Are you listening to the voice of workers?

Amid the noise and headlines, the struggle for dignity in work continues.

Minnesota’s Frontline Worker Pay Working Group missed their September 6 deadline to give recommendations to the legislature on how to disburse $250 million to frontline workers. ❌

A coalition of workers have been calling on the group to move forward, saying the Republican members are holding out and excluding certain workers from eligibility.

From the coalition’s statement:

“Whether in healthcare settings, making food, helping young people and students, cleaning buildings, preparing food, driving busses, or other crucial work, essential workers stepped up during COVID to keep Minnesota safe and healthy. Minnesota’s frontline workers sacrificed so much, from our health and safety to time with family, to make sure we didn’t leave anyone behind. 

We worked to not leave anyone behind during COVID, and now some legislators are holding up Essential Worker pay in order to exclude us?

Many of us lost pay when we had to quarantine or be vaccinated. Yet when our bills come due, we have to pay them. The bill for this working group is overdue, and it’s time they deliver.”

“The biggest challenge really now is data. We don’t know exactly how many workers will apply for a check from the state out of this $250 million fund,” House Majority Leader Ryan Winkler told MPR. “And without a good understanding of how many workers would fit what categories, we have a hard time to deciding how much each worker should get.”

Workday Minnesota has reached out to the members of the group to try to get a response for the workers. So far, only Senator Erin Murphy has expressed interest in responding.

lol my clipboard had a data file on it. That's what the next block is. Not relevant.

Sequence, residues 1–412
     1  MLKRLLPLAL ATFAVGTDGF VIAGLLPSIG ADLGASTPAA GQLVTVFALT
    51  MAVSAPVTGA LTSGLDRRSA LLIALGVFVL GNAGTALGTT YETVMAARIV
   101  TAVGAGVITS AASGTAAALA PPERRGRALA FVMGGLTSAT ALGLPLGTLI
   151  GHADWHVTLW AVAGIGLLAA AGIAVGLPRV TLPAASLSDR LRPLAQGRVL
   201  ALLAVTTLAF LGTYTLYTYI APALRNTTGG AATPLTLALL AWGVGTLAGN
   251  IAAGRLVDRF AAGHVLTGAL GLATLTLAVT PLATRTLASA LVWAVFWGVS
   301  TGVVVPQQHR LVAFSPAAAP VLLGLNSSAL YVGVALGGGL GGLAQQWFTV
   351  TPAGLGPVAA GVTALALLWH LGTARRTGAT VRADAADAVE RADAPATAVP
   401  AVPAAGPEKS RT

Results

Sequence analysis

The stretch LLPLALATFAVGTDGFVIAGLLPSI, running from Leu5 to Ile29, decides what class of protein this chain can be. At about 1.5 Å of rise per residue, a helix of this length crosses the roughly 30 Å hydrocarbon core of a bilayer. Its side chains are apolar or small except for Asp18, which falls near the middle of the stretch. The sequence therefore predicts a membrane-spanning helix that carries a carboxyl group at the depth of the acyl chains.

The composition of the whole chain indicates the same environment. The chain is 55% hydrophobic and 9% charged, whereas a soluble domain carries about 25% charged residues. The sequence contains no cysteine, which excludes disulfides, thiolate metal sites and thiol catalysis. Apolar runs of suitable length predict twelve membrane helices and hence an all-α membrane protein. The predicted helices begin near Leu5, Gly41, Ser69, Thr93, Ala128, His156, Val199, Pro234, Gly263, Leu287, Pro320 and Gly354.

The knowledge of caregivers 👐

Home care workers and constituents of Minnesota’s Second Congressional District held a presentation with Representative Angie Craig. They talked about the national crisis in home care work and their personal journeys in the field while advocating for the Better Jobs Better Care Act. Kerry Adelmann, a personal care aid and member of SEIU Healthcare Minnesota, demonstrated how her son Keegan receives care in their home.

​​🎧  Listen: In this episode of Reformer Radio, Adelmann is interviewed about quitting her job as a business analyst to become a caregiver for Keegan when she couldn’t find someone to take care of him. 

zoom screenshot, one image of a woman standing in her kitchen demonstrating a high end wheelchair and lift equipment, one image of a brunette woman with glasses in her office in front of a rainbow-colored poster of Ruth Bader Ginsburg with the word "vote"
Adelmann explaining a few pieces of equipment that assist with daily activities, while Rep. Craig observes. She said the wheelchair cost more than a Harley motorcycle.